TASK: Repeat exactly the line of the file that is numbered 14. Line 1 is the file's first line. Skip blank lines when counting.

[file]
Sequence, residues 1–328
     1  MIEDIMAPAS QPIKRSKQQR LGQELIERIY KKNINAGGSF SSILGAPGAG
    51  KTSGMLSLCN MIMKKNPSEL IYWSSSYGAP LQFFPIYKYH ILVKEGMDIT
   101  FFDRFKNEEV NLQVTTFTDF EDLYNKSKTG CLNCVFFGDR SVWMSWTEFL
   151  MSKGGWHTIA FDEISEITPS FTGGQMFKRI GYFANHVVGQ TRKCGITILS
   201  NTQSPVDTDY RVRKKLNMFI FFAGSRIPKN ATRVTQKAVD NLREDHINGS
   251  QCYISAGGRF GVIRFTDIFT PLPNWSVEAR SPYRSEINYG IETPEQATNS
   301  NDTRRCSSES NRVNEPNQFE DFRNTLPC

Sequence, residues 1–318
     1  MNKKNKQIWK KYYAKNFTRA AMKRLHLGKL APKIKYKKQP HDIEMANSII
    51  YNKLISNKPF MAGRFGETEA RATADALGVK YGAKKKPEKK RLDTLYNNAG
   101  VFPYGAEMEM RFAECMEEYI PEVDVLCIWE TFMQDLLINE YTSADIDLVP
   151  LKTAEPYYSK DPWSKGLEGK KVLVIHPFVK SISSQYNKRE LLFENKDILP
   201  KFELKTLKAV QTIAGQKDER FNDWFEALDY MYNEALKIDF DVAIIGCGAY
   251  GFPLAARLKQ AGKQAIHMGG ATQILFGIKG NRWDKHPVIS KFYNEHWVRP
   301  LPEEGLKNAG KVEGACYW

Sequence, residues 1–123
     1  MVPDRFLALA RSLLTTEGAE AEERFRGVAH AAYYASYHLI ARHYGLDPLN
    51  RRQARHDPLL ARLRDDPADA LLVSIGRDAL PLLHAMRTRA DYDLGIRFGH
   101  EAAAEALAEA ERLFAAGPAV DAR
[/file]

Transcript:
   201  KFELKTLKAV QTIAGQKDER FNDWFEALDY MYNEALKIDF DVAIIGCGAY